The default socket permissions assigned to all code including untrusted code have been changed in this release. Previously, all code was able to bind any socket type to any port number greater than or equal to 1024. It is still possible to bind sockets to the ephemeral port range on each system. The exact range of ephemeral ports varies from one operating system to another, but it is typically in the high range (such as from 49152 to 65535). The new restriction is that binding sockets outside of the ephemeral range now requires an explicit permission in the system security policy.

Most applications using client tcp sockets and a security manager will not see any problem, as these typically bind to ephemeral ports anyway. Applications using datagram sockets or server tcp sockets (and a security manager) may encounter security exceptions where none were seen before. If this occurs, users should review whether the port number being requested is expected, and if this is the case, a socket permission grant can be added to the local security policy, to resolve the issue.

This means that you have to explicity set the permissions for your application to be able to access the ports range between 1025 and 49151. You can therefore grant this permission by appending this line in the list of permissions granted:

Visit your Java Home Directory and access your policy file at $JAVA_HOME/jre/lib/security/java.policy and make the following changes.

grant{
     //List of granted permissions
     permission java.net.SocketPermission "localhost:1527", "listen";
}
share|improve this answer
1  
The early access version of JRE 8.0 exhibits this behavior as well. It can be resolved by adding the grant above or as user2060065 suggests. –  andand Feb 18 at 5:49
add comment

See http://www.oracle.com/technetwork/java/javase/7u51-relnotes-2085002.html for the description of the "problem". Search other-libs/javadb

Depending on your requirement, what I did was go and modify the default security policy

cd $JAVA_HOME/jre/lib/security

Edit java.policy (make a backup first!)

Add the following

grant codeBase "file:${java.home}}/../db/lib/*" {
        permission java.security.AllPermission;
};

Note that this is my requirement.

I'm granting every app who uses the u51 JRE the permission to start Derby.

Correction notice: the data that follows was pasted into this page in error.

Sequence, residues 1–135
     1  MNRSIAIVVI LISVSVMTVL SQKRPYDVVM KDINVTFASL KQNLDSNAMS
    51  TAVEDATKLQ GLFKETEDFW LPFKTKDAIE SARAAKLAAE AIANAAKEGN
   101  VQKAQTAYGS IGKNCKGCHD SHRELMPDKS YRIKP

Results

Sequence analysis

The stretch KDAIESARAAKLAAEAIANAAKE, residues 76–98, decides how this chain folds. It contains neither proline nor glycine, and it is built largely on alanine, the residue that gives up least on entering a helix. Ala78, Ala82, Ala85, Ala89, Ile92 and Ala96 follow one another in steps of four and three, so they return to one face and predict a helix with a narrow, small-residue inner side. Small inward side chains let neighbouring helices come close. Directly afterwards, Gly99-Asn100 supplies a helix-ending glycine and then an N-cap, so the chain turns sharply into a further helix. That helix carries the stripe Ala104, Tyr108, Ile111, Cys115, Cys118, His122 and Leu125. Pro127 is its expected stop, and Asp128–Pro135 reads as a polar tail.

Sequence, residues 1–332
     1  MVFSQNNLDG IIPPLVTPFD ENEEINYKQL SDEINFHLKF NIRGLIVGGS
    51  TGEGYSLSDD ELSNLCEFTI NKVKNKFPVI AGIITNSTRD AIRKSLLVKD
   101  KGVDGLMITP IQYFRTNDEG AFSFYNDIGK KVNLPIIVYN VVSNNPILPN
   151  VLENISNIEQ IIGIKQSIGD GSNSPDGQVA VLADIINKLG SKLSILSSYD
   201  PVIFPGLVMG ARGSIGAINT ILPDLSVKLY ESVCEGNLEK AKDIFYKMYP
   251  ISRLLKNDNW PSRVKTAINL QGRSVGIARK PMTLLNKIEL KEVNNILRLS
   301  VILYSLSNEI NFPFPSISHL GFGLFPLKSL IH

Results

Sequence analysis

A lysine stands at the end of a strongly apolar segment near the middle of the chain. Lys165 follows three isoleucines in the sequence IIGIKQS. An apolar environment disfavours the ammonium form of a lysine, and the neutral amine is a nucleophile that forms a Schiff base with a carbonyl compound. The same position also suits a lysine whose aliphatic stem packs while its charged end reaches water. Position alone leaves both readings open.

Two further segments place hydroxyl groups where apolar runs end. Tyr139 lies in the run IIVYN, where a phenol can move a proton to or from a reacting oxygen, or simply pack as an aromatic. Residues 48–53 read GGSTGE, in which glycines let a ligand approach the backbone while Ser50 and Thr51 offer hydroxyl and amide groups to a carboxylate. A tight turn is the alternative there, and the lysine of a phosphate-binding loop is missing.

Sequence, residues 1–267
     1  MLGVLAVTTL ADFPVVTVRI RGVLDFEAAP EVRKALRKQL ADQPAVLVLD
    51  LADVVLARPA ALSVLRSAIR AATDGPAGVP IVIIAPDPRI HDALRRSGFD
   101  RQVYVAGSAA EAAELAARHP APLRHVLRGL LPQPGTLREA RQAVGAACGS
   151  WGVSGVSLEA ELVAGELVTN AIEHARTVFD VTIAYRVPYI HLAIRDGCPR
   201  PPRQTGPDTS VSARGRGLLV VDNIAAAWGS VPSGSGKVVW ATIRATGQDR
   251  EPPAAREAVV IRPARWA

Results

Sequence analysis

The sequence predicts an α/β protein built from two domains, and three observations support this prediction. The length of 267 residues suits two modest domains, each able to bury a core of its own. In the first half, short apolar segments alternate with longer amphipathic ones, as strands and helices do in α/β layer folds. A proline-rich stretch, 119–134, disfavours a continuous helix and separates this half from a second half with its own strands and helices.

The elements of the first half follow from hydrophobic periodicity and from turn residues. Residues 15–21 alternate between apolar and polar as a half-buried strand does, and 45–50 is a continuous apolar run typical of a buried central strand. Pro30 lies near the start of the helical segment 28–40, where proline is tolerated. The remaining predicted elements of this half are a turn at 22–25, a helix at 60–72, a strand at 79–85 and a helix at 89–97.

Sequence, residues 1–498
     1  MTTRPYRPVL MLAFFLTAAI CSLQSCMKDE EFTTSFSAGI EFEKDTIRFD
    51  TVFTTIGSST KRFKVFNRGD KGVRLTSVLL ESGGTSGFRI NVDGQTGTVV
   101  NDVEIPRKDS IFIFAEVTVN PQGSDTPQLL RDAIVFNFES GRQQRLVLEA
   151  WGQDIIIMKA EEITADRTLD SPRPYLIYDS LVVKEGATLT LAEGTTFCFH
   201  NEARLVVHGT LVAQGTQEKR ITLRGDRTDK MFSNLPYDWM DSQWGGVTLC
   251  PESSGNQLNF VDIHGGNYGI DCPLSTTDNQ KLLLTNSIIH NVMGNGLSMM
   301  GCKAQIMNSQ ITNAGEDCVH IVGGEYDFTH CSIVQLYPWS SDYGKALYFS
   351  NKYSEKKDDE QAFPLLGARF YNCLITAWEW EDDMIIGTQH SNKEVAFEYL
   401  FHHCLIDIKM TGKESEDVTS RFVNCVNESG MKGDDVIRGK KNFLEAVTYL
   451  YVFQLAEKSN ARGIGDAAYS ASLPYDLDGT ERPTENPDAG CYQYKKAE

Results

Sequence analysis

EDIT

The alternative would be to use a less permissive set of permissions like:

grant codeBase "file:${java.home}}/../db/lib/*" {
    permission java.net.SocketPermission "localhost:1527", "listen,resolve";
};

NetBeans, by default, uses the derby version installed with GlassFish. So my permissions look like this on the Mac. It will be similar on Windows, but the path will need to change.

grant codeBase "file:/Applications/NetBeans/glassfish-4.0/javadb/lib/*" {
    permission java.net.SocketPermission "localhost:1527", "listen,resolve";
};
share|improve this answer
    
That did not worked for me, I'm currently running Mavericks 10.9.1 –  Stefano Munarini Jan 17 at 14:37
    
Which part did not work for you? The original post, or my edits? –  John Yeary Jan 17 at 15:17
    
Just saw that there is also permissions for glassfish, where do I have to put them? On java.policy too? –  Stefano Munarini Jan 17 at 17:40
    
I just added the Derby specific permissions to the JDK/JRE policy as noted above. I am not aware of any issues with GlassFish specifically. It worked fine inside and outside of the IDE. Do you have an exception? –  John Yeary Jan 17 at 20:12
    
yes same error. I've added permissions as you suggested, but nothing changed –  Stefano Munarini Jan 18 at 21:49
show 2 more comments

Because the upper measures didn't work I added the following permission to the end of the main permission section:

permission java.net.SocketPermission "localhost:1527", "listen,resolve";
share|improve this answer
    
Thanks your solution is very useful..........thanks lot –  Reegan Feb 26 at 6:30
add comment

I got a bit fed up with Oracle's approach to security lately. They seem to be trying to protect us from ourselves in ways that would be more appropriate to naive users than programmers. My view is that the code I put on my own machine should be able to do whatever it needs to. It's my fault if I put code there that does bad things. Clearly not a universally reliable perspective, but it's worked for me for about 35 years. On that basis, I add this to my /lib/security/java.policy file:

grant codeBase "file:/-" {